Fifth, humanist ethics focuses on human reason as the basis of ethical choice. This is insufficiently understood by dogmatic religionists who fail to appreciate the fact that there are often difficult choices to be made in life; though we may share principles and values, we need to recognize that society is undergoing rapid change and that new moral problems may emerge. Often we must choose between the lesser of two evils or the greater of two goods, not between good and evil. Thus there are the classical moral dilemmas that all individuals in society encounter, in which competing values and principles contend. Humanists maintain that in such situations ethical inquiry ought to be emphasized, and that a reflective moral intelligence-aware of one's own interests and values and also of the needs and interests of others-should seek to negotiate differences and work out compromises. Humanists believe that science and technology, if used wisely, can help us to improve human life and contribute to the common welfare. Thus, in our view, ethical rationality is essential for moral growth and development.
In any case, humanist values and principles underlie three powerful social movements that have emerged in modern society, especially since the Renaissance. Let me enunciate them.
- Secularization: The institutions of modern society have sought to liberate morality from repressive theocratic creeds. This entails a separation of church and state as a precondition of freedom from authoritarian or totalitarian control.
- Democracy: This is a further precondition for humanist morality to flourish; for it is in a free, open, and democratic society that individuals are allowed to make their own decisions and universal human rights are defended, both on the social and the planetary scale. Democracy entails an open market of ideas, rule by majorities, and the right of dissent.
- Consumerism: Modern economic systems are predicated on the assumption that individual consumers should have the freedom to produce, purchase, and consume goods and services of their own choice. This has led to an enormous improvement of the human condition, the extension of the fruits of industry and of happiness to all citizens.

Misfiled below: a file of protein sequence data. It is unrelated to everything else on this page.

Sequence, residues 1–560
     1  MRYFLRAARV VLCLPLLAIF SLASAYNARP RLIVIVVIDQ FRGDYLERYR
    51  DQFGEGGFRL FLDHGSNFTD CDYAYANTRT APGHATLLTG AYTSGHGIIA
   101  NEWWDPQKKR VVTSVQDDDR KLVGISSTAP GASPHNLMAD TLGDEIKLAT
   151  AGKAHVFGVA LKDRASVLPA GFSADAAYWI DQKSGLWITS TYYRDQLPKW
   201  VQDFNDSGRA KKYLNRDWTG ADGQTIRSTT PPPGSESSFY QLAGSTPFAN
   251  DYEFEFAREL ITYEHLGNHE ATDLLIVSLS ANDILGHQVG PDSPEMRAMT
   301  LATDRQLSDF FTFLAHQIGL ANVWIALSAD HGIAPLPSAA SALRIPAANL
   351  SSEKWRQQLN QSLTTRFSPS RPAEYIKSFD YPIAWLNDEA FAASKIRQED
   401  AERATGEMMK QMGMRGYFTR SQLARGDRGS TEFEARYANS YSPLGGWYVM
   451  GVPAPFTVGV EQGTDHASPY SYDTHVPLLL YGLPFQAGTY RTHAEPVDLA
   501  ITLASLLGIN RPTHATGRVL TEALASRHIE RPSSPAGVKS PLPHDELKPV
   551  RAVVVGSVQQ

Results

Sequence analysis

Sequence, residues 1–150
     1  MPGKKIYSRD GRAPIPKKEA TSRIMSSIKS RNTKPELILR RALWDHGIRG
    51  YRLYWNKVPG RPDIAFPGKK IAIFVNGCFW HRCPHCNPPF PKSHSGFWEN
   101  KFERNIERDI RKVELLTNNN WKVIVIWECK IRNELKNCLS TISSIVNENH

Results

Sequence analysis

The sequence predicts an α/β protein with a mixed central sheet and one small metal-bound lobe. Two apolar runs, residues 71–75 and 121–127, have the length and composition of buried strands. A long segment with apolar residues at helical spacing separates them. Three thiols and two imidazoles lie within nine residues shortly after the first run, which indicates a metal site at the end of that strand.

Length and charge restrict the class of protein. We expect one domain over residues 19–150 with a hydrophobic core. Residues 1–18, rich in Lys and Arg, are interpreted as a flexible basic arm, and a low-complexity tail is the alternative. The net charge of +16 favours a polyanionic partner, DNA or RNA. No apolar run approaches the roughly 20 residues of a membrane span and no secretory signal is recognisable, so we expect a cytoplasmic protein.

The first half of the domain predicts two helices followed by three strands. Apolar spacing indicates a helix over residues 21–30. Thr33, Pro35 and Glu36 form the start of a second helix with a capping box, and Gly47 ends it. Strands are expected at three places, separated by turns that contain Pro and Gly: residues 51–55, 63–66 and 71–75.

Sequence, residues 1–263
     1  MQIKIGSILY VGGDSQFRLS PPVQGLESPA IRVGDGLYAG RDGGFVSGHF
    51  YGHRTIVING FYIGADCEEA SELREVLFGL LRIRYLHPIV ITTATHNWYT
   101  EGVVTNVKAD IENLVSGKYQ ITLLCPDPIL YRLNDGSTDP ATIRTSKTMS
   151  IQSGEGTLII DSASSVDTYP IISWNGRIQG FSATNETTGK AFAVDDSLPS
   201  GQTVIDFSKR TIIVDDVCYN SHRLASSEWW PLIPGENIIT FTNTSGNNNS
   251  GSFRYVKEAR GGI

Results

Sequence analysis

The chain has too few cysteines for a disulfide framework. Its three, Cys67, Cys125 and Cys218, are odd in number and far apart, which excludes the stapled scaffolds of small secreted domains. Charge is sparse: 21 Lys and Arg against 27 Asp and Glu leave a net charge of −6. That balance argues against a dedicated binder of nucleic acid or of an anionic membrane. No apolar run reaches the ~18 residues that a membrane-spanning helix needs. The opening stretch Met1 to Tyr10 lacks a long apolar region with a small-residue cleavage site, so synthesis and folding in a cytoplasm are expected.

Yet many religionists today decry humanist ethics and they proclaim absolute declarations and creeds. In the past, they often opposed democracy and moral freedom, tolerance, and respect for diversity. Many emphasize still today the virtue of obedience rather than
of individual autonomy. Humanists respond that belief in God is no guarantee of moral virtue. Indeed, devoted believers will often kill each other over
differences in doctrine or authority, and they oppose each other on issues concerning public morality: some are for and some against capital punishment, war or peace, the rights of women, minorities, euthanasia, sexual freedom, etc. Dogmatic religious doctrines especially set people against each other, leading to hypocrisy, greed, policies of retribution and punishment, chauvinism, and pride, rather than an empathetic moral regard for the needs of others. Thus there is a genuine humanist alternative to such doctrinaire points of view, which needs to be appreciated.
I submit that humanist ethical ideals, which emphasize the pursuit of happiness, moral freedom, tolerance, moral responsibility, and rational moral inquiry, are basic for social peace and ethical improvement, and that both religious and nonreligious people can share these values. To castigate humanist ethics would endanger the hard-won gains to achieve a secular state, a democratic society, and a prosperous economy serving all the citizens of society. Shall we risk the advances of social, political, and economic progress in the name of an authoritarian creed? To reject humanist morality would do precisely that: It would repeal the modern world.